Corporate Health Incentivization Programs: Effective?

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Recently, a company in Japan decided to incentivize their non-smoking employees with extra days off. The company made this decision after finding that nearly one third of their employees stepped away from their desks multiple times a day for cigarette breaks, resulting in non-smoking employees working more and spending more time at their desks.

We wondered if this kind of corporate policy would likely have any impact on long-term behavioral changes, so SERMO asked physicians, “Does incentivization lead to improved health habits in the long run?”

Out of the 3,835 physicians from 45 countries who responded, 77 percent responded, “Yes”:

“I think it depends on how big the incentive is. If it is really large/high value, it can work well. Most companies and health programs and individuals are not capable of offering highly valuable incentives.” – Ophthalmology

“Even an interruption of bad habits is better than continuing them ad infinitum.” – Family Medicine

“Of course you get what you incentivize. HOWEVER- The program must be verifiable, consistent, and have reasonably achievable endpoints.” – Anesthesiology 

“Everything… even bad behavior has a price, so if the incentive is large enough and compared to the behavior desired to be changed people do attempt to achieve the healthier lifestyle. Have seen it work in primary care. Usually when the incentive is greater than a week’s extra pay/paid vacation time off.” – Internal Medicine

“YES. 1. Employee wellness programs produce workers to adopt healthy lifestyles. 2. Incentives play an important role to create and sustain healthy behaviors. 3. An important focus for the healthcare industry as a whole right now should be on using personalized incentives to help people change their behaviors.” - Psychiatry

“Yes, incentives are motivation. Carrot rather than stick. Nothing wrong with being rewarded for good behavior.”  – General Practice

“Creating positive reinforcements in the work area will always bring improvements for the employee who receives the incentive as well as for the company since the worker will do their job with greater enthusiasm.” – Pediatrics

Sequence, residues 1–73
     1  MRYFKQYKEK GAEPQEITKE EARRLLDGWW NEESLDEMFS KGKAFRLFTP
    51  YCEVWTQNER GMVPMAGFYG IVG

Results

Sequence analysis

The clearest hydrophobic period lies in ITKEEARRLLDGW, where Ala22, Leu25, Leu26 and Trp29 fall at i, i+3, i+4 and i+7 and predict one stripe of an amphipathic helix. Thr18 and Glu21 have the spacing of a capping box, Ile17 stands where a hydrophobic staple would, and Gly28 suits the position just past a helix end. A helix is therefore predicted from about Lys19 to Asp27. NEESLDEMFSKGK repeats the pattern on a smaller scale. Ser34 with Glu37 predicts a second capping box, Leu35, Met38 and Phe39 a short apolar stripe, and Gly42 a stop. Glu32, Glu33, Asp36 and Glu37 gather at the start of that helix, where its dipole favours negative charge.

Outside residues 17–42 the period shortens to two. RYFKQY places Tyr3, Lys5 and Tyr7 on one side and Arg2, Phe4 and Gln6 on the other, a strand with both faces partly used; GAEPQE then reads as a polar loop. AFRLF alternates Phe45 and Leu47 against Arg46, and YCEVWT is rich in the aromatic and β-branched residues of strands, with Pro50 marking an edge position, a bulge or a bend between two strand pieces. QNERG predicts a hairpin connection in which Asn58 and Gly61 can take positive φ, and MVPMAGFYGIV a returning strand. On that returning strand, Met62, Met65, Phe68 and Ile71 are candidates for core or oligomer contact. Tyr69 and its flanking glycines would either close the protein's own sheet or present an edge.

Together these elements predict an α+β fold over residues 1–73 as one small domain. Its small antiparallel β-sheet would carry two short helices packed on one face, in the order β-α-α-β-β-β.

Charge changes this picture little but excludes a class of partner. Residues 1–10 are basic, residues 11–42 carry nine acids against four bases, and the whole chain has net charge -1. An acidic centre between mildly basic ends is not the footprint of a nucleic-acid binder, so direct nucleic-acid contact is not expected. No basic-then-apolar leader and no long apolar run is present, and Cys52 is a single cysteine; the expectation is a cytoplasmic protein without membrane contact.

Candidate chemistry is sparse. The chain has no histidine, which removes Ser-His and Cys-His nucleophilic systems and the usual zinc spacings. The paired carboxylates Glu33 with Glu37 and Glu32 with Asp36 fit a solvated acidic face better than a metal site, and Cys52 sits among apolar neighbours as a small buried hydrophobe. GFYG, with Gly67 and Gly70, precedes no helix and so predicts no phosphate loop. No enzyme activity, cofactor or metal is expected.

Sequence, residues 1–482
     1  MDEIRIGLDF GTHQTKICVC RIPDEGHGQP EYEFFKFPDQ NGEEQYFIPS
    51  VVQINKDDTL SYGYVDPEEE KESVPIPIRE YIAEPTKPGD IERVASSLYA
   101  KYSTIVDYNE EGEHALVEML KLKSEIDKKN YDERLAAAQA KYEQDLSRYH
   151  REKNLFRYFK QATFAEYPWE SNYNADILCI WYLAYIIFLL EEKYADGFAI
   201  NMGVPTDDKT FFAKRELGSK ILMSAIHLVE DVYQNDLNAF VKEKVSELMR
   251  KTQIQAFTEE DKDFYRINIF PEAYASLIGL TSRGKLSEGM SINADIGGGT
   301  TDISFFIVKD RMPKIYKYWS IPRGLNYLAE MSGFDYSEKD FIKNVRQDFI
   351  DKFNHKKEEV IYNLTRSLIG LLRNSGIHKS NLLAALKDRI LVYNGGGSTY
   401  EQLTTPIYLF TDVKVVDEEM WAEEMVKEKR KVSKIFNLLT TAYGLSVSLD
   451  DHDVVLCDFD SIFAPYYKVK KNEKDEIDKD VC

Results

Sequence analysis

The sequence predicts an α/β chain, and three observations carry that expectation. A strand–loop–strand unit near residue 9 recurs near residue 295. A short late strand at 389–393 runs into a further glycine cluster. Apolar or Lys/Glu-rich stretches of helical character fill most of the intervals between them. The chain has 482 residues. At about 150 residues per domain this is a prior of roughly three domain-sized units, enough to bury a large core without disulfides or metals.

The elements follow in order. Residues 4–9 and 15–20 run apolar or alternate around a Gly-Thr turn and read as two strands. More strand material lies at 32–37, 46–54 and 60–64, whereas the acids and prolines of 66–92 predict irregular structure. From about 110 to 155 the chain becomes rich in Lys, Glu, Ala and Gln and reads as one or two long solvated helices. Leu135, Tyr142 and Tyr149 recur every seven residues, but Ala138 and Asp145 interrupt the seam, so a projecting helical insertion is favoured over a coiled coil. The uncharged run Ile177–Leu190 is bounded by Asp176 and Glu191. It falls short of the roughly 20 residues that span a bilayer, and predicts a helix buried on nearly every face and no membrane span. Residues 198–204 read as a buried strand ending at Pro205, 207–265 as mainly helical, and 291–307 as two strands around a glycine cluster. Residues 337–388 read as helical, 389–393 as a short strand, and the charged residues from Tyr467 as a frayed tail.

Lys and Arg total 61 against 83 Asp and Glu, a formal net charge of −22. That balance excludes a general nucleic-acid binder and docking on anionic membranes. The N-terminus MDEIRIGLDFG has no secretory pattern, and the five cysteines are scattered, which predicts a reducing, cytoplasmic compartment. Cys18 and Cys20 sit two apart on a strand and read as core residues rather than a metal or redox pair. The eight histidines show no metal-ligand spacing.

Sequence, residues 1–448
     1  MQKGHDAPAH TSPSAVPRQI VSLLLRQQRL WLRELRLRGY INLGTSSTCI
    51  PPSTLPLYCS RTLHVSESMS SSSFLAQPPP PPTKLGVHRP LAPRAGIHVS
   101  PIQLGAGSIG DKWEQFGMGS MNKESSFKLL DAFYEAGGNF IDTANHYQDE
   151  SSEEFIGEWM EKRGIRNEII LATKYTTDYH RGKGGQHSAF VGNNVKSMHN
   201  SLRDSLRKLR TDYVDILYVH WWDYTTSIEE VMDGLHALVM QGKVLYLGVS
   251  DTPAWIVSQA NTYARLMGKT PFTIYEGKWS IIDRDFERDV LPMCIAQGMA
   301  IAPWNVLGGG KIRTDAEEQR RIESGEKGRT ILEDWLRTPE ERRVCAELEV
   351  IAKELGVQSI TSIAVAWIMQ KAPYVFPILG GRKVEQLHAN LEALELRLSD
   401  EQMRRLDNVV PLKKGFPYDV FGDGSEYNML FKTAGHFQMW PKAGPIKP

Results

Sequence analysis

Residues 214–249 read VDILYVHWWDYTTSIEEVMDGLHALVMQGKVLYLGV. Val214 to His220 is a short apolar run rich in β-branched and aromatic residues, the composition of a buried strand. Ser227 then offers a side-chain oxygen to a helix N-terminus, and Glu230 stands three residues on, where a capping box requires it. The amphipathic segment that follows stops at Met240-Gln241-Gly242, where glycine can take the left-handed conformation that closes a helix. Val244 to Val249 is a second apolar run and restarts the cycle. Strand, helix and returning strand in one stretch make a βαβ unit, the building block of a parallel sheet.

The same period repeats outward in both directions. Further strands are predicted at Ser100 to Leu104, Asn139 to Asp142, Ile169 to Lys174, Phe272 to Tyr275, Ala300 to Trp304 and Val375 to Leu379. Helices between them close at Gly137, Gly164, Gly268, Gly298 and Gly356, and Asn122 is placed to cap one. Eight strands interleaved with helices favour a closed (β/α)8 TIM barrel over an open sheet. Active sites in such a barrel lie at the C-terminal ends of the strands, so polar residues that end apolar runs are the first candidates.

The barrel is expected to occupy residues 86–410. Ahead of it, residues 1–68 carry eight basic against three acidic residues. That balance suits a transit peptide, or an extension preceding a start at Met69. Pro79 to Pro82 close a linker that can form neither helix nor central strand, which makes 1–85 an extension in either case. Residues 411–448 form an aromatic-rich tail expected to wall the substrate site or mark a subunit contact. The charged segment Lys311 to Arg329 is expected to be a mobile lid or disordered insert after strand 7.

“The incentive has always been one of the best weapons to obtain favorable results, we see it with our children. I have tried it with some of my patients with addictions or children with lack of impulse control and it has worked.” – Psychiatry

“The incentive to quit smoking by granting additional days of leave is an excellent solution without it being radical and definitive, it is added to other ways of stopping dependence but as the previous commentary points out, it can be seen as an infringement of freedom and equal treatment.” – Hematology Oncology

However, 23 percent of respondents said no, and emphasized that the focus should be on education:

“No. To improve the health habits we have to work at grass root level, education and awareness can only improve the health habits.” – Pediatrics

“It seems to me that education is paramount to encourage healthy living habits, offer talks and workshops would be of great value, such as developing healthy foods, the importance of exercise for example would significantly help to improve the habits of workers and therefore in the general population.” – Pediatrics

“Absolutely not. It is a total waste of time, energy and resources. It is magical thinking run amok.” - Orthopedic Surgery

The poll was fielded in December of 2017. 3,835 physicians responded to the poll. The margin of error for the global poll was ±2%. More information about SERMO polling methodology can be found here.

Are you a physician? Log into SERMO to weigh-in on public health conversations with other doctors from around the world.

 

 

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